Tobacco Mosaic Virus 2006
May 10, 2006 - Author: Jan Byrne, Michigan State University, Diagnositc Services
Editor’s note: This article is from the archives of the MSU Crop Advisory Team Alerts. Check the label of any pesticide referenced to ensure your use is included.
Two cases of tobacco mosaic virus have recently been diagnosed by the Diagnostic Services lab.
Tobacco mosaic virus affects many ornamentals and is easily spread in the greenhouse. This virus has a wide host range including impatiens, chrysanthemums, geraniums, African violets, and several vegetables including tomato and potatoes. The impact of the virus varies greatly, depending on the host and the age of the plant at infection. Symptoms can also vary depending on the host.
Photos 1 and 2. Tobacco mosaic virus on petunias.
Unlike some of the other common viruses of ornamentals, TMV is not vectored by insects. The virus can be spread by sap, through vegetative plant production, and through mechanical means. Handling of plants during normal irrigation, pruning and maintance practices can spread the virus. The virus can also be introduced into production areas by workers after handling infested tobacco products. Workers should be encouraged to wash their hands thoroughly after handling tobacco and/or cigarettes.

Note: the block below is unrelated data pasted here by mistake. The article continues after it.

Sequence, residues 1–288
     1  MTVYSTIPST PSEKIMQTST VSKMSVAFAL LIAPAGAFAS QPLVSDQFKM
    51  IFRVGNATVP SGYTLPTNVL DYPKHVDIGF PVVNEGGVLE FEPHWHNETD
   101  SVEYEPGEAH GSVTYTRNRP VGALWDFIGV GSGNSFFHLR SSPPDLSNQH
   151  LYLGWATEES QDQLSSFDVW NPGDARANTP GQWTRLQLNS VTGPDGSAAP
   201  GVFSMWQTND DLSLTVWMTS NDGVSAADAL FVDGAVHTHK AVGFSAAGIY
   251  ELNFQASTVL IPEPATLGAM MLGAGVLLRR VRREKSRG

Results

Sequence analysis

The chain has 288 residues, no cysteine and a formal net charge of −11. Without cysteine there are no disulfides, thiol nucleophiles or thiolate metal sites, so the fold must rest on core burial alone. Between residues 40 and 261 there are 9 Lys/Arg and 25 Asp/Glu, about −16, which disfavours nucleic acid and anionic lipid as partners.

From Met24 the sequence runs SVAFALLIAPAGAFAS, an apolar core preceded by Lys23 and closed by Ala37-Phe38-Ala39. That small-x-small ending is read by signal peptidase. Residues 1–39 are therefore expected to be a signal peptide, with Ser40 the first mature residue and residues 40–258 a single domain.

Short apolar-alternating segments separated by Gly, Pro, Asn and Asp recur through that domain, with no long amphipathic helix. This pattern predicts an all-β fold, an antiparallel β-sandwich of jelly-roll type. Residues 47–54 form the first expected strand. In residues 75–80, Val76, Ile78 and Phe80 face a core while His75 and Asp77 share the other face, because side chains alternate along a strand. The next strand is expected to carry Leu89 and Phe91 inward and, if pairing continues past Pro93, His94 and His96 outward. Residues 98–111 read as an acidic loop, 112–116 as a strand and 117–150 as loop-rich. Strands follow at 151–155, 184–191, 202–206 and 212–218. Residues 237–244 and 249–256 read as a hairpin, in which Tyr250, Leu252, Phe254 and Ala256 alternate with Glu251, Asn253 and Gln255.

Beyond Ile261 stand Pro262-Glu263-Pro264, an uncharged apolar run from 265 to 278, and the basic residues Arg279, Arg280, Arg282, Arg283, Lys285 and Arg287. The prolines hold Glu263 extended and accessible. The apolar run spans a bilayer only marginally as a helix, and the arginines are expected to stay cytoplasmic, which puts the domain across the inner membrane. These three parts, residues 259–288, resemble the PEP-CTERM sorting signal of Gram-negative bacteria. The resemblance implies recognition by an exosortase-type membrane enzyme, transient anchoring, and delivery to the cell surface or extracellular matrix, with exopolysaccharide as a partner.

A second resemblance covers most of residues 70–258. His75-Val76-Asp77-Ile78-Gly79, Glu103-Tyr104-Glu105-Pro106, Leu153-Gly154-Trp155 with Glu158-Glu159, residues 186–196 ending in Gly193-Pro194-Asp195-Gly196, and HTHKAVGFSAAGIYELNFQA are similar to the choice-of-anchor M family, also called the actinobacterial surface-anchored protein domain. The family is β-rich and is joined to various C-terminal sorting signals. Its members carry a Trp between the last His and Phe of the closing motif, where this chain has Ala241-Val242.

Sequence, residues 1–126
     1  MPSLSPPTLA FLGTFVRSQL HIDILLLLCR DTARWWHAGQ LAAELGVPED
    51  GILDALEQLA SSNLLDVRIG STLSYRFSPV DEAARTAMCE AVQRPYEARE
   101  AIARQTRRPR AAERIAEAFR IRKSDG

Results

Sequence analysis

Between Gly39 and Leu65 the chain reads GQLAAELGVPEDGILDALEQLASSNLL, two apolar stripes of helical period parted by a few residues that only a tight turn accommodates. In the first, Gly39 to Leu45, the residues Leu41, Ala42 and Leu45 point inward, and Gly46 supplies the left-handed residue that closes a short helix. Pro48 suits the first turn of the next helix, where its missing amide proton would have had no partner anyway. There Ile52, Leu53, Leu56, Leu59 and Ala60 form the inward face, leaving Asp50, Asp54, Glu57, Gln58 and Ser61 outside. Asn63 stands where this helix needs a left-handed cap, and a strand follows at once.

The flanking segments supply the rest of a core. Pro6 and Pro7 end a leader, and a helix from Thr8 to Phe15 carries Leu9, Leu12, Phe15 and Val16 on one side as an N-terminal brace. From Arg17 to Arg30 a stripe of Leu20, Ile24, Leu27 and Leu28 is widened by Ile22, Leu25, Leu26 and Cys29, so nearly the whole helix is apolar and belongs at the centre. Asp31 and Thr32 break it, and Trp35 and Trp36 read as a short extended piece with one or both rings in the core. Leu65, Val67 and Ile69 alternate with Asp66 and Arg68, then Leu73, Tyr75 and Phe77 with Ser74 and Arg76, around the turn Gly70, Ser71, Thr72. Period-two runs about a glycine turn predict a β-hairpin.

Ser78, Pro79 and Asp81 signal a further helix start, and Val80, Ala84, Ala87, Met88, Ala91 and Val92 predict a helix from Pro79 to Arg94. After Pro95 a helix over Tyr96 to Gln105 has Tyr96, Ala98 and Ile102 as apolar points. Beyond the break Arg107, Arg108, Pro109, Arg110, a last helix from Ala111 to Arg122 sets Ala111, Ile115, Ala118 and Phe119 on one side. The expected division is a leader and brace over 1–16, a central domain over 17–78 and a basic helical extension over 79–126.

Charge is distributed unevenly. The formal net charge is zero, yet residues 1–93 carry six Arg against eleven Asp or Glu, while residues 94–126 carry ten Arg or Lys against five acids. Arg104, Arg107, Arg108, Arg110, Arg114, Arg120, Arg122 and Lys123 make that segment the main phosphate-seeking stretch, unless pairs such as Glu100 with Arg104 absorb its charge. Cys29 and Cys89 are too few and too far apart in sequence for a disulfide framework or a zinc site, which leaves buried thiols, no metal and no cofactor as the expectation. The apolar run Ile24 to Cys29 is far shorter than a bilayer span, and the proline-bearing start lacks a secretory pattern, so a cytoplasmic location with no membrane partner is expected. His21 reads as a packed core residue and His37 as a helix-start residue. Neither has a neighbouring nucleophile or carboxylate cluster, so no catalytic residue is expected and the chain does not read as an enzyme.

Once plants are infected with a virus, the virus cannot be eradicated from those plants. Symptomatic plants should be removed and destroyed. Equipment used to prune or take cuttings from these plants should be cleaned well with a bleach solution to remove sap residue left from infected plants. The virus can also persist in some weeds, all weeds should be removed from within and around the greenhouse walls.